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2003 Cadillac CTS Engine Timing Belt Tensioner 6 Cyl 3.2L Gates - Timing Belt Tensioner

P311-46A5B7B    T41243  New

VKM55001 , VKM55002 , 24449772 , T41243

Gates Engine Timing Belt Tensioner
  • ; Interference engine application
  • Timing Belt Tensioner
  • Product Attributes:
    • Contact Surface: Smooth/backside, Smooth/backside
    • Inside Diameter: N/a
    • Material: Steel, Steel
    • OE Comparison Rating: Oe Exact
    • Outside Diameter: 64, 70.5
    • Pulley 1 Flanged: Yes
    • Pulley 2 Flanged: Yes
    • Pulley Quantity: 2
    • Tensioner Type: Spring
    • Width: 37, 37
Brand: Gates
Additional Fitment Information:
Vehicle Fuel Type Block Engine CID CC
2003 - Cadillac CTS GAS V 6 Cyl 3.2L 194 3175
2004 Cadillac CTS Engine Timing Belt Tensioner 6 Cyl 3.2L SKF

P311-4F1AA1F    TBT55001  New

SKF Engine Timing Belt Tensioner
  • Engine Timing Belt Tensioner Pulley
  • ; Includes Housing Assy.
  • SKF Timing Belt Tensioner Pulleys maintain constant belt tension ensuring reliable and efficient engine operation. All SKF Tensioner Pulleys are manufactured with low friction ball bearings and high performance grease and seal. For more than 100 years, the world's engineers, technicians and mechanics have turned to SKF for the best possible solutions. Available for a wide range of applications and needs, SKF bearings and seals are designed and manufactured to the highest quality standards, ensuring long life and safety.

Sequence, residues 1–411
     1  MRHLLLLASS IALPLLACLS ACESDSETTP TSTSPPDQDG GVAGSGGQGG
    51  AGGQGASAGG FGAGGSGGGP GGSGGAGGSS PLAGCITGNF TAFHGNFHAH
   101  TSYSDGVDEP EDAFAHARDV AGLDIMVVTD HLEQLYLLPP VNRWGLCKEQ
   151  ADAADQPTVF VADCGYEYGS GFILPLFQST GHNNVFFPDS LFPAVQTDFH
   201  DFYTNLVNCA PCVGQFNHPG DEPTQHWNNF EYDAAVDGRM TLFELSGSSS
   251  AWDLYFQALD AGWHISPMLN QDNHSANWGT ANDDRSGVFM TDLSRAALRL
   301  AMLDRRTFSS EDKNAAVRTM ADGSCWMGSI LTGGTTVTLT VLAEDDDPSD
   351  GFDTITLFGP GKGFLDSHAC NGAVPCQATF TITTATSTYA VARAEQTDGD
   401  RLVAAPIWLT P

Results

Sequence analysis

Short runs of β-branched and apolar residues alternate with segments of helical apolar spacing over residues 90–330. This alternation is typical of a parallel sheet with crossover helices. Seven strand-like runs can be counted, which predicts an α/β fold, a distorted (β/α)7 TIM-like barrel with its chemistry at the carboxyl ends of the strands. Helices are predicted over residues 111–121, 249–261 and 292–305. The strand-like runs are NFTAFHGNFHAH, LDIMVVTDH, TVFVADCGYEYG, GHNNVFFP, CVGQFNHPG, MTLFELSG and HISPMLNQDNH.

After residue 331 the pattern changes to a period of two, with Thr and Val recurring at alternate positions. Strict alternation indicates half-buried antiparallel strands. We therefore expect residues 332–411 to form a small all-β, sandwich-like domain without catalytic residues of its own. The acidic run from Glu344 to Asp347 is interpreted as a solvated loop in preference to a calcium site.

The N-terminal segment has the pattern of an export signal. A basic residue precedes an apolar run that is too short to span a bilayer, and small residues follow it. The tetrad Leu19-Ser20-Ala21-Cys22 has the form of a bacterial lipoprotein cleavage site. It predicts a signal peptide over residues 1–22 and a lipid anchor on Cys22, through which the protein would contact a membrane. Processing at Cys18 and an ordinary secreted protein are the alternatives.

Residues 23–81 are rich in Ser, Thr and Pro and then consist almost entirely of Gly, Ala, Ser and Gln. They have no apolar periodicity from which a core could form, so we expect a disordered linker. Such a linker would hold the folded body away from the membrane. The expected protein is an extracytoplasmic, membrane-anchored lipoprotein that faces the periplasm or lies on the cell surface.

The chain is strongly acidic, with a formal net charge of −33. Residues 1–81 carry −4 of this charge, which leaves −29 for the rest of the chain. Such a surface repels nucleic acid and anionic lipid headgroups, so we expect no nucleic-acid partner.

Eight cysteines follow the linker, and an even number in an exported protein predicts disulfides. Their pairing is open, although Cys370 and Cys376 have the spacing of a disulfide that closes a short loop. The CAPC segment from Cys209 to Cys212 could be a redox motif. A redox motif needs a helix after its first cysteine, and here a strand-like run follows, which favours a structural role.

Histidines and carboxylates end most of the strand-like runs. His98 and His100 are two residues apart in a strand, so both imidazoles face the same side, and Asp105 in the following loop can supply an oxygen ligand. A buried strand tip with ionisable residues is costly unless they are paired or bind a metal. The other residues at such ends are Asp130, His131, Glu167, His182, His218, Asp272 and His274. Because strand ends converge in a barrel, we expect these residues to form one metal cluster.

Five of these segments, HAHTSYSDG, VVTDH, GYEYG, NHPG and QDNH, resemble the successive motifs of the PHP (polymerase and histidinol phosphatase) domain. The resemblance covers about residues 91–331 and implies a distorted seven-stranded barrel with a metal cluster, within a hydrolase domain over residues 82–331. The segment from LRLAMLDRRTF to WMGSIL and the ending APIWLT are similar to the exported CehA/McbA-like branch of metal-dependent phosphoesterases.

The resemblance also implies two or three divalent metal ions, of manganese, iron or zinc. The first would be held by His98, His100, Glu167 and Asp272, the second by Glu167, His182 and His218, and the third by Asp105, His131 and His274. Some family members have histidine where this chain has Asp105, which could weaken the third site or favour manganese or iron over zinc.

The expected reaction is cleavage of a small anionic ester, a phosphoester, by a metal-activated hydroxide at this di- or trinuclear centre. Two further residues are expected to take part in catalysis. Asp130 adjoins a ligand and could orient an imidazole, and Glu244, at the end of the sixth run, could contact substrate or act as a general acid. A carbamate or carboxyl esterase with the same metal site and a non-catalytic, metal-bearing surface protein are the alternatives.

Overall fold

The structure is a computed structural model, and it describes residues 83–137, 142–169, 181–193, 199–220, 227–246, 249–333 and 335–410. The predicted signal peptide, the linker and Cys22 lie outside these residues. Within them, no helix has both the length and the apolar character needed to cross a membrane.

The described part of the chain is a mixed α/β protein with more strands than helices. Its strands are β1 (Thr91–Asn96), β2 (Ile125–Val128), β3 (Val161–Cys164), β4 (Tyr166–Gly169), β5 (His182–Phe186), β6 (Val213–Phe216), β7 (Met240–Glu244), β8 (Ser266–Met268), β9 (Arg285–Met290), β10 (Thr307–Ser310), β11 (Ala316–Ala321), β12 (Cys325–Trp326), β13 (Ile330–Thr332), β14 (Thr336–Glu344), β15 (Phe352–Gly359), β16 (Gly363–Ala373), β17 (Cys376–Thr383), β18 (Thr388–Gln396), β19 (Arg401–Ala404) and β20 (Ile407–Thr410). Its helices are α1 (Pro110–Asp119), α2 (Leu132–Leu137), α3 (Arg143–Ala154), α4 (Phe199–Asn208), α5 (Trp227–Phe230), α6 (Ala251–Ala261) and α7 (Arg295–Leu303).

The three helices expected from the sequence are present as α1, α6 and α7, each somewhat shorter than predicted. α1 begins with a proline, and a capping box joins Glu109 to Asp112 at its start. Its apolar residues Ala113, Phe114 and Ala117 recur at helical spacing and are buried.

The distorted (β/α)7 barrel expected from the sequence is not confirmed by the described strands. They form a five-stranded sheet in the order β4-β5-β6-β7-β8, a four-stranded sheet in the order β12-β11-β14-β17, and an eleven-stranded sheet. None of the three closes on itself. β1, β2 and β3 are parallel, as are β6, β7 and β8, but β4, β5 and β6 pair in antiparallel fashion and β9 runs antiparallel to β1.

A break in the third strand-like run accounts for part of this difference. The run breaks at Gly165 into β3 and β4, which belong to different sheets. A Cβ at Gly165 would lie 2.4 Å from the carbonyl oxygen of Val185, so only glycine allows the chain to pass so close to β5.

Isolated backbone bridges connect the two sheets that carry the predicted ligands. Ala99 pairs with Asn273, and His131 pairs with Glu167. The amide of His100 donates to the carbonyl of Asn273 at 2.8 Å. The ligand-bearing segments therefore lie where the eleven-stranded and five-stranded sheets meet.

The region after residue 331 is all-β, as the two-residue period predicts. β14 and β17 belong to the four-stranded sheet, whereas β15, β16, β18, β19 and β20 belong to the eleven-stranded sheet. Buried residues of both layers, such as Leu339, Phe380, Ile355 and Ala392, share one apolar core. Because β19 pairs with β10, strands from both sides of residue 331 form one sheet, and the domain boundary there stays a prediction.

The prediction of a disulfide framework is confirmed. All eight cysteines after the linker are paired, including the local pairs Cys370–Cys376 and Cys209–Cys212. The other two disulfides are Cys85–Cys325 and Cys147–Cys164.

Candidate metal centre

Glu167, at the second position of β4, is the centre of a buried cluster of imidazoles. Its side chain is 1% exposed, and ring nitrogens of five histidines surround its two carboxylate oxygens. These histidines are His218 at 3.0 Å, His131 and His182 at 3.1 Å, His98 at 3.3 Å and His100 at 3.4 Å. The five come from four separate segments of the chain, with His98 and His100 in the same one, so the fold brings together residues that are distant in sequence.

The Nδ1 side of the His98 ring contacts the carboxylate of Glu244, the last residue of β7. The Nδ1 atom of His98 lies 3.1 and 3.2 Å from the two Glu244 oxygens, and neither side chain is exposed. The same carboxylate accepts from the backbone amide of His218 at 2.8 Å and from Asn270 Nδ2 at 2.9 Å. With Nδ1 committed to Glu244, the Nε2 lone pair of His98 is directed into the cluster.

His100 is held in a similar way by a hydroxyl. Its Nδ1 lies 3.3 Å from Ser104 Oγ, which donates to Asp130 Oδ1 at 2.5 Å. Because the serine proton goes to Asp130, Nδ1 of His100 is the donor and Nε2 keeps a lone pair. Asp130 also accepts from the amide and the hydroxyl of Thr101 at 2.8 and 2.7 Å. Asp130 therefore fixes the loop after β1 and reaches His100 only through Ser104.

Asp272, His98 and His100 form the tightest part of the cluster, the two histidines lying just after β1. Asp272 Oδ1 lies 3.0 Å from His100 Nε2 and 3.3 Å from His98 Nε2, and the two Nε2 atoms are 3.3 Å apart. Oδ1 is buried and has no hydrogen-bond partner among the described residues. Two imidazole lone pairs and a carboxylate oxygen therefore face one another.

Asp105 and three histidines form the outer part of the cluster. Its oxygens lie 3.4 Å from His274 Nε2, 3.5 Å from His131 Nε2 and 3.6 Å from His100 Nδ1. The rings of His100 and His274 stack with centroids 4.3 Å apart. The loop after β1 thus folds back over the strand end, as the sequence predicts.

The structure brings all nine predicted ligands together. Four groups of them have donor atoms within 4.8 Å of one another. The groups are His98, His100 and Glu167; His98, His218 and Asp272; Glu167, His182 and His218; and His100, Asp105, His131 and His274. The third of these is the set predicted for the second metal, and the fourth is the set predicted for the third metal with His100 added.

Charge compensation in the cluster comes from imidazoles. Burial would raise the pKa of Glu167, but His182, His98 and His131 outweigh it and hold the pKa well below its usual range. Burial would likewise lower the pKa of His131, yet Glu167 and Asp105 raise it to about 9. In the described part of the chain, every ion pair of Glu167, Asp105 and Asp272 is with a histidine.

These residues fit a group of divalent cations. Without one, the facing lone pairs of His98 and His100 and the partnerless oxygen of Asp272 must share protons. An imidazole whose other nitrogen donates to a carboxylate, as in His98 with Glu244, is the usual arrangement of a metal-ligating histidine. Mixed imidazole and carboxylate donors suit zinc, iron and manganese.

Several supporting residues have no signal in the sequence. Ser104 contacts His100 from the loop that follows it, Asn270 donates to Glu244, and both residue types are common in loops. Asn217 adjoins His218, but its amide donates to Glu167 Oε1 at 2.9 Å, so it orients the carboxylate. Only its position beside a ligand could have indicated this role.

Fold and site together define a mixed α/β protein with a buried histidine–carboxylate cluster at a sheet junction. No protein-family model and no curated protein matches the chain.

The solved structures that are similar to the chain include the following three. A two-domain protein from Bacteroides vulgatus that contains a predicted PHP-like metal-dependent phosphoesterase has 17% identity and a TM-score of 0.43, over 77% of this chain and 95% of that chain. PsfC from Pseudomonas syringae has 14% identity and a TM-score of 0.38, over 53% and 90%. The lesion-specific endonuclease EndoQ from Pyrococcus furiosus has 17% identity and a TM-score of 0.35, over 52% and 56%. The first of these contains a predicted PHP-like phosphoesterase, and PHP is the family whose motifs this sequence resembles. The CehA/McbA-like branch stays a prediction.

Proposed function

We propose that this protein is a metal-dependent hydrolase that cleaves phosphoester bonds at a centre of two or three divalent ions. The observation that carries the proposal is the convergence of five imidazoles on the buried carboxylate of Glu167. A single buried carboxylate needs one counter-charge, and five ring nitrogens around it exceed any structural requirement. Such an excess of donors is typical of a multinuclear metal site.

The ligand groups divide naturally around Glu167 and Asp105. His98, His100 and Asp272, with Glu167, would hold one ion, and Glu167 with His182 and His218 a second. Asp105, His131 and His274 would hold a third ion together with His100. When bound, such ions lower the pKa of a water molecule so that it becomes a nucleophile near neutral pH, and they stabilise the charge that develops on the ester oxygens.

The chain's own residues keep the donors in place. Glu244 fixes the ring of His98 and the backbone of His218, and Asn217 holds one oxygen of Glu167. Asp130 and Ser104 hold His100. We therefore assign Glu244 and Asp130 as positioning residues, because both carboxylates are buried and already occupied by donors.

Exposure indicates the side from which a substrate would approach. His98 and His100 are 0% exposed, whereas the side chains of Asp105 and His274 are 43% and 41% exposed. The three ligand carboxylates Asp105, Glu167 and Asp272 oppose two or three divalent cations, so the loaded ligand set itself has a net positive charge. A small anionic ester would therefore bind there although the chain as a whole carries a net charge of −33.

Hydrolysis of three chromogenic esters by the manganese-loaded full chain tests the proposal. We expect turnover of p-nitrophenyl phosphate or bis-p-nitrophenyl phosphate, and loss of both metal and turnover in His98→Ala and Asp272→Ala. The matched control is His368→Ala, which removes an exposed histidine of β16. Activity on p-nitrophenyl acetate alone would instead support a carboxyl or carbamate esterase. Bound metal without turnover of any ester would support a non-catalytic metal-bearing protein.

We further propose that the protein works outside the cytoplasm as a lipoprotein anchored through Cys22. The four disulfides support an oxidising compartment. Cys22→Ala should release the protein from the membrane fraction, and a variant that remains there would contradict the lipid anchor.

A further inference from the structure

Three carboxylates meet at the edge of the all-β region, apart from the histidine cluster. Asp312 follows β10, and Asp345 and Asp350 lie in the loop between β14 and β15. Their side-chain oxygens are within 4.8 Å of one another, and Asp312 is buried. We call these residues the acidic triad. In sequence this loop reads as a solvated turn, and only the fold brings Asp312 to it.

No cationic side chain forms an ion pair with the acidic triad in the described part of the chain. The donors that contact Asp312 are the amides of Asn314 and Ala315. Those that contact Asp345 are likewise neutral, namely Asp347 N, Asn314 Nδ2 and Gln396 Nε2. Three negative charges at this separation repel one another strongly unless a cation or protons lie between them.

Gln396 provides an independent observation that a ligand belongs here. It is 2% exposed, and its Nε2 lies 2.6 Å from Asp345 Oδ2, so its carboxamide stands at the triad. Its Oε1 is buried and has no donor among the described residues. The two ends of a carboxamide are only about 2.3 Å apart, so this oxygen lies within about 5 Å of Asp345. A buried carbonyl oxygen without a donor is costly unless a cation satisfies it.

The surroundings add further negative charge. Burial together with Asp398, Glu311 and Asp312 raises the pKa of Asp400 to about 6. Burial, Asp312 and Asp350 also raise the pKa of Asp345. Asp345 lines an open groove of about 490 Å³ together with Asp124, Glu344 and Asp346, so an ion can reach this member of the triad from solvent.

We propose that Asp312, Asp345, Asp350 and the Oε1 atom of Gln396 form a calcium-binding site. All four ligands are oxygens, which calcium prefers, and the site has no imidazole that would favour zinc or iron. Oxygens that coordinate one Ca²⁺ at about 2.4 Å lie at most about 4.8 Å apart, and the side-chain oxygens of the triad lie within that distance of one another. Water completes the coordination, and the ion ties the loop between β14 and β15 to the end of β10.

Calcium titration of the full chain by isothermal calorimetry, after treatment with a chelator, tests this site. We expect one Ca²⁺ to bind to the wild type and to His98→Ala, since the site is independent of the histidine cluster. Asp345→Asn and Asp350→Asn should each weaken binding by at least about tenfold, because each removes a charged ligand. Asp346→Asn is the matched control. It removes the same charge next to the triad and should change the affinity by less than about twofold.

Brand: SKF
Additional Fitment Information:
Vehicle Block Engine CID CC
2004 - Cadillac CTS V 6 Cyl 3.2L 197 -

Latest Car Advice

CarJunky AutoAdvice

Oil in the Reservoir

Showing 2 out of 35 Posts | Show 33 Hidden Posts
Question From P0E2005 on Oil in the Reservoir

Ok. Unique situation. My brother lived about 5 hours north of me. And moved back in with me recently. The plan was to drive up. Get his car up and running (It had been sitting for about 6 months due to expired tags) And him follow me down.

(2000 Saturn LS2 by the way)

Alas! Upon just checking his coolant level. I encountered a thick, milky black oil, that smelled like engine oil. My first thought "Oh god! Head Gasket" so I flushed it all out. And re-filled the reservoir. And started it up. It Idled ok. No water out of the Tail pipe. Pulled the dipstick, and the Oil level was ok. Didn't look milky or watery. So then I popped the cap off the coolant reservoir to see if any exhaust bubbles were being released in the water.

And here comes the oil. You could watch it rise. Eventually over flowing and just running down the side.

Any ideas? See, the main issue is the car being in his friend's yard 300 miles away. Hard to trouble shoot it. I am running off memory here, and any advice you guys have will be taken into effect upon my trip BACK up next week. It's just rough. I ONLY have Saturday and Sunday off, and with Most mechanics being closed Sunday's I pretty much just have Saturday to work with. So at least a vague Idea would be so great.

Head Gasket? Head? Block? Radiator? Any help yould be appreciated.

Response From Hammer Time

That's not going to be a head gasket. It's going to be a cracked head. Those DOHC are notorious for that and that's about the only way you get oil in the coolant. Head gaskets don't generally do that.

Response From Discretesignals

Oil cooler is probably leaking. The 3.0L is known for that.

Its located in between the cylinder heads under the intake.


Response From P0E2005

Alright guys. You have all been really helpful so far. As soon as I find out more details I will let you know.

Basically praying for something that doesn't lead to buying a new motor :/

Response From Discretesignals

I remember reading an article in Motor Age where they had a Saturn with your symptoms. Found a link to the article if you want to read about it.,0

Response From Tom Greenleaf

P0E2005 : No matter what you find it's better to know. ATF (usually reddish) could turn dark if mixed with coolant but generally not so fast. Also know that all the 'rubber' products in cooling system won't like oil in them and ATF is an oil.